The master bed was amazing. Guests have told us they love the bed, but it was lovely to sleep in it myself, possibly better than my bed at home. I loved the shower – we remodeled the condo 3 years ago and this is one of my favorite parts of the remodel. So big and luxurious. And I love the large tile flooring – almost made me wish we did that at our home instead of the vinyl planking we chose, but then I remembered how much we hate grout lines. It took me a while to get sorted in the kitchen – different space, different places to store things. I did buy nice new pots, the old ones were getting weary. And who keeps using metal utensils on the non-stick frying pans? I have to replace them at least yearly.

Sig’s staycation projects

Sig had his own list of annual maintenance projects. He’s a perfectionist and can’t sit still, so between painting baseboards (at home) and overseeing the flooring installation, he also

  • drained the hot water tank,
  • replaced cabinet hinges (slow close),
  • acid washed and re-sealed the 350 sq ft lanai (patio) and entry,
  • did some deep cleaning,
  • replaced filters on taps,
  • arranged some service work on the dishwasher and fridge,
  • did some work on the BBQ etc. etc.

He particularly enjoyed sitting in the condo complex hottub at the end of his long days.

Palms at Wailea
Enjoying a well-deserved sunset at the pool

Despite all the work (the other condos, my office job, school for the kids, the home remodel, living in a smaller living space etc) I really enjoyed our staycation. I love the privacy of the location – we hardly noticed our neighbors – and the large green lawn with distant ocean view. For now it’s nice to be home again, but we’ll have to plan another staycation.

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Hurricane Lane update

I thought I’d post a short update on Hurricane Lane on our blog.

Hurricane Lane
Tropical Storm Lane at the 5PM update

August 24 5 PM update. It turns out Hurricane Lane is no more. Thankfully the storm has been weakening and is now ‘just’ a Tropical Storm with maximum winds of 70 mph. Wow. What an incredible ride. We had 2 hours of steady rain this morning and word that the hurricane had stalled at speeds of 2 mph – more delays while it deteriorated. Don’t get me wrong – we are incredibly thankful. Just three days ago we were staring at a Category 5 hurricane headed straight at us. After days of preparation and stressing, today was quite anticlimactic in Kihei. I went for a nice walk in the rain this morning along South Kihei Road (about a third of stores/restaurants were open). Then we did some necessary de-cluttering in our home.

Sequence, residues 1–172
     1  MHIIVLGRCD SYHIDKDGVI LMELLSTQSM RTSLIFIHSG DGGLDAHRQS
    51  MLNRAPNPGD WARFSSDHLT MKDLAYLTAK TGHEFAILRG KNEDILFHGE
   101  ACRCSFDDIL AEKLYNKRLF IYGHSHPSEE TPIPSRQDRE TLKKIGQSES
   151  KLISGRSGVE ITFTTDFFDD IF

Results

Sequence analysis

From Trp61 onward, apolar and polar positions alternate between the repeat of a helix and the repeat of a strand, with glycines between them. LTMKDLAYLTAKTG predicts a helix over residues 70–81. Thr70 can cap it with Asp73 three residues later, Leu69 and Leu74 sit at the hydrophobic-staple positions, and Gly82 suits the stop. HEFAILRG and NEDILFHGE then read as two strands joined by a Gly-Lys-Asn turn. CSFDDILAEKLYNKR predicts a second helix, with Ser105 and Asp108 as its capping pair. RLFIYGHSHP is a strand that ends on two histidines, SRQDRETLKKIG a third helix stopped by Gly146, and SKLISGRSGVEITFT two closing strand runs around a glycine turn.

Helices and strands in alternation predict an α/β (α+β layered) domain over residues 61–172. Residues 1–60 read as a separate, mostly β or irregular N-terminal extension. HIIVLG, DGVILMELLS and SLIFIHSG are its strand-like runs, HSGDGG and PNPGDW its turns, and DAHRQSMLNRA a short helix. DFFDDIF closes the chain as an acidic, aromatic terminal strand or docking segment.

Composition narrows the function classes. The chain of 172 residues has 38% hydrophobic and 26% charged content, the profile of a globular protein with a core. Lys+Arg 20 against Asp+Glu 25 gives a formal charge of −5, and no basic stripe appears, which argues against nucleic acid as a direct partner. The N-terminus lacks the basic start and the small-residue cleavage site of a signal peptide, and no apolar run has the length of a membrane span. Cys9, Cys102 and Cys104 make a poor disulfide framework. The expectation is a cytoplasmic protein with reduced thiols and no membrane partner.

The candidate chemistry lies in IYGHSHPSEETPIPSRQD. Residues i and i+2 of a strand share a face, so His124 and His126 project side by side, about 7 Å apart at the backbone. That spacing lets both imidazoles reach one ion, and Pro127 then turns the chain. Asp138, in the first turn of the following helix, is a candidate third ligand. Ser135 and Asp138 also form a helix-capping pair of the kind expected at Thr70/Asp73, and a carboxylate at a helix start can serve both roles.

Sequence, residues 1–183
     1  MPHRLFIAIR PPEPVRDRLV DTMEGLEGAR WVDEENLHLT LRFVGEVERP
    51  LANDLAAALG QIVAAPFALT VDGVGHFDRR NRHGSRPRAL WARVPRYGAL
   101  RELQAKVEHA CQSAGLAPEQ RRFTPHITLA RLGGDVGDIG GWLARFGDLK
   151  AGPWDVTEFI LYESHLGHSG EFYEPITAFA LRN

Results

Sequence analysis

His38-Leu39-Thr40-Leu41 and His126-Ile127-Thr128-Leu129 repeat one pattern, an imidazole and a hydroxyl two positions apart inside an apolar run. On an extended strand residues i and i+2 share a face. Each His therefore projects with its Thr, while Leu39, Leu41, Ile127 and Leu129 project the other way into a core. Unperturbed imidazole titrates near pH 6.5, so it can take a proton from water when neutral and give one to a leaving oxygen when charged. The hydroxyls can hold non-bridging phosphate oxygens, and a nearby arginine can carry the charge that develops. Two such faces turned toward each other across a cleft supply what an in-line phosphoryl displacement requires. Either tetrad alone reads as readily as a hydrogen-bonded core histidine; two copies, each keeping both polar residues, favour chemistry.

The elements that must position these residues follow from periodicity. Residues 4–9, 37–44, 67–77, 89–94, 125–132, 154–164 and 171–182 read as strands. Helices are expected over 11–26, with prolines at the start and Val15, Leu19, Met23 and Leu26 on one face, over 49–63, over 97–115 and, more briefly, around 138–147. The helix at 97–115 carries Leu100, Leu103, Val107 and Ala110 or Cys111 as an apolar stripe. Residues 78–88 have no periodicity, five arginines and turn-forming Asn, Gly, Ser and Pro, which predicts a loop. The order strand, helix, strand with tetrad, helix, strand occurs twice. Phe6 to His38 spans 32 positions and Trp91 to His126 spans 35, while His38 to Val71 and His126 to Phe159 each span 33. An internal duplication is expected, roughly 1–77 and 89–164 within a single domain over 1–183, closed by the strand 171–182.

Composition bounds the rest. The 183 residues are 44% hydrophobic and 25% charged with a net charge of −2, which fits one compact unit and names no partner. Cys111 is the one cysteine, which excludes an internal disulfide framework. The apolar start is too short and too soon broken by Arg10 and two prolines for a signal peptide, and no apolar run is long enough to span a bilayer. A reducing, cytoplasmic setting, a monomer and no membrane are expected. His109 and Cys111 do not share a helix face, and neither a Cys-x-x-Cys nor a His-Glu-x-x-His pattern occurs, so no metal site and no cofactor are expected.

At noon neighbors who were also feeling stir-crazy asked us to join them for lunch. So we had a pre-hurricane lunch at Nalus. I had been snacking (on hurricane supplies), so I wasn’t terribly hungry. I had their fruit bowl while my son enjoyed the mac nut pancakes. Delicious and fun and a good distraction for us all.

We know to still expect rain and wind and of course things can still change. Other parts of Maui have NOT been this fortunate. Lahaina/Kaanapali-side had higher winds while other parts of the island experienced flooding. Our thoughts are with those in Lahaina who lost their homes to the brush fires (7 were destroyed/damaged). But we are very relieved. A big thank you to all of you who have been thinking about, praying for us and sending us encouraging notes. It’s meant so much to me.

Hurricane Lane
Nalu’s fruit bowl

Hurricane Lane
Nalu’s banana mac nut pancakes


update
5AM August 24th Hurricane Lane update

August 24 7 AM update. It’s been a quiet peaceful night here in Kihei. We left the bamboo wind chimes hanging on our lanai as it would be sure to wake me if we got wind. Nothing. It’s overcast and dry with no wind. This has got to be the slowest moving hurricane ever. The good news is it’s now at Category 2 status – with winds at 110 mph.

In other news on island – last night a brush fire started up near Lahaina. It’s been windy up there with gusts up to 50 mph, and the fire has spread badly. Officials had to move the emergency shelter out of harms way and entire neighborhoods are being evacuated. The highways encircling West Maui have been closed which means there is no way for anyone to get to the hospital (in Wailuku) other than by helicopter.


hurricane lane update
Thursday afternoon update

August 23 9:30 PM update. It’s been a slow day here in Kihei. It’s been overcast and there’s been some drizzle. Upcountry there were about 2000 people out of power and apparently Kahului airport (OGG) lost power also. But so far we are still waiting. The hurricane’s speed has slowed some more. Moving at only 6 miles an hour, this means that even though the intensity has come down, the storm has even more time to unload moisture and rain. Parts of Big Island got doused today. Soon it will be our turn. In the mean time, here’s what sunset looked like in our part of Maui.

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Kihei sunset before Hurricane Lane


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Hurricane Lane’s current (2AM) forecast track

Currently in Kihei (it’s 3:50 AM HST on Thursday 8/23/18) it is calm and quiet. Yesterday afternoon we had some gusts up to 30 mph according to my husband’s weather station. We went for an evening walk down to the beach yesterday and were caught in rain shower.